State legislators tour Vector Industries, hear pitch on employment for those with disabilities
Vector Industries has a message for state and federal bureaucrats: we’re not a sheltered workshop.
“The message that we’re trying to get out there is that Vector is a wonderful asset to the community that fills a couple of important roles: in the work that Vector Industries does for business clients, and giving our employees with disabilities who work out there on our floor the opportunity to contribute,” said Chrissy Johnston, the CEO of Vector Industries, a Waynesboro-based non-profit that employs and trains persons with diverse disabilities to enable them to reach their potential as productive community members.
Vector Industries hosted a facility tour on Monday for a trio of members of the Virginia House of Delegates – Steve Landes, R-Weyers Cave, Dickie Bell, R-Staunton, and Ben Cline, R-Rockbridge.
The pitch from Vector wasn’t for money, but rather, opportunity.
“We have more than enough work right now. Our problem is not having enough employees to be able to do the work,” said Johnston, citing changes in federal law handed down in the 2014 Workplace Innovation and Opportunity Act, and 2016 federal regulations adopted by the Obama administration defining competitive integrated employment for people with disabilities.
In the aftermath, employee referrals from the state Division of Aging and Rehabilitative Services have essentially come to a complete stop, Johnston said.
At issue is employment under Section 14(c) of the Fair Labor Standards Act, which allows employers to pay employees with disabilities affecting their productive capacity at rates below the federal minimum wage.
Any employer can hire employees under Section 14(c). The push since the passage of the 2014 Workplace Innovation and Opportunity Act is to have those with disabilities gain employment in what would be considered integrated work settings.
Vector Industries could be considered an integrated work setting, with 100 employees, including disabled and non-disabled, 23 of whom are paid at sub-minimum wage rates under the 14(c) program.
Why it is not considered an integrated setting: its mission. Vector Industries was founded in 1969 with the mission to provide employment opportunities for residents of Waynesboro, Staunton and Augusta County with disabilities.
As a result, bureaucrat types consider Vector Industries to be a sheltered workshop.
“We’ve actually been advised to alter our mission statement to not say anything about employing people with disabilities,” Johnston said.
Which is, yes, absurd.
Bell, a special education teacher in the Augusta County school system for 10 years before being elected to the House of Delegates in 2009, left the tour with a homework assignment.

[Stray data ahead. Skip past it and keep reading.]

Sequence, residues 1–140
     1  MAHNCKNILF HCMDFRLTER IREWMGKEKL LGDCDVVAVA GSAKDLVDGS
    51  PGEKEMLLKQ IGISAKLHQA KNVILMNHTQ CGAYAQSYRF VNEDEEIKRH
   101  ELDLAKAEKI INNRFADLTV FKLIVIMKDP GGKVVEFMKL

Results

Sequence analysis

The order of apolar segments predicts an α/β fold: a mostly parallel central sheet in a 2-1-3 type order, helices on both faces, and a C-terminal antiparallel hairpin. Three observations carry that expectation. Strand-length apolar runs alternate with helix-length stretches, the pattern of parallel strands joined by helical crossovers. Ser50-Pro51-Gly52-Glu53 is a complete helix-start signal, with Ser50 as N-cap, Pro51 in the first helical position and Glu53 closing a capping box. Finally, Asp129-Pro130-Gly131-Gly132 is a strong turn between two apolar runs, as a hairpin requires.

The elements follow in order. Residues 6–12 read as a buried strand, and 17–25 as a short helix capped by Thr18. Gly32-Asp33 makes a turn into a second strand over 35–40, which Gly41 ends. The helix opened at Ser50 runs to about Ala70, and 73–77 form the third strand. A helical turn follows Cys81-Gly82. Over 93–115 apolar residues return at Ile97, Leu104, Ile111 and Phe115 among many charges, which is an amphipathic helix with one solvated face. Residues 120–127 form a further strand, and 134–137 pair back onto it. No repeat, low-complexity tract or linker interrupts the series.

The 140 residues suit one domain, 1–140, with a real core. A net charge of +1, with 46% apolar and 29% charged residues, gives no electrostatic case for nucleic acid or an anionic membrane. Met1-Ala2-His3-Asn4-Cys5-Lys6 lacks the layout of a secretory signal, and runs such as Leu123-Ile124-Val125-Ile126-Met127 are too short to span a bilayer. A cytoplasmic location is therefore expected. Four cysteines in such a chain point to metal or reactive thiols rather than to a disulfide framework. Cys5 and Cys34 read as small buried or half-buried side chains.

“What we don’t know is why the referrals have stopped. I think that’s probably our challenge leaving here, to find out what’s going on, because there’s a problem, a glitch in this system, somewhere. This should be the kind of thing we embrace,” said Bell, who ran into a former student of his at Riverheads High School on the tour.
“They’re doing a productive job. They’re productive citizens. And they enjoy doing it,” Bell said. “Why in the world we’re not embracing it with both arms is beyond me. But that’s our job as legislators. I don’t know if there’s a legislative fix, but we’re going to find out what’s going on, and at the very least apply some pressure.”
Landes is on board with that.
“When you see what they’re facing here at Vector, it’s pretty clear that the way the Division of Aging and Rehabilitative Services is interpreting the federal rules is hampering the mission here. We have to figure out a way where we can get things back to the point where they can refer individuals to this facility and facilities like this around the state,” Landes said.
“Doing this is more beneficial to the state because the state Medicaid waiver program is very expensive. Those are important services that those individuals need, but if the individual can work part of the day or part of the week, that means they’re not in a day placement, which is expensive, it means their family members don’t have as much pressure to take care of them, so they can go to work or have respite. It really benefits everyone,” Landes said.
Cline is similarly impressed.
“These are hard-working citizens meeting the needs of local businesses, and doing it in a fantastic way. The quality is top-notch. And the workers are happy. For the federal government and the state government to steer away from this type of operation is discouraging. We want to reverse that trend. We want to bring employees back to facilities like this, instead of forcing them to sit at home with nothing to do, and a declining quality of life,” Cline said.
Story by Chris Graham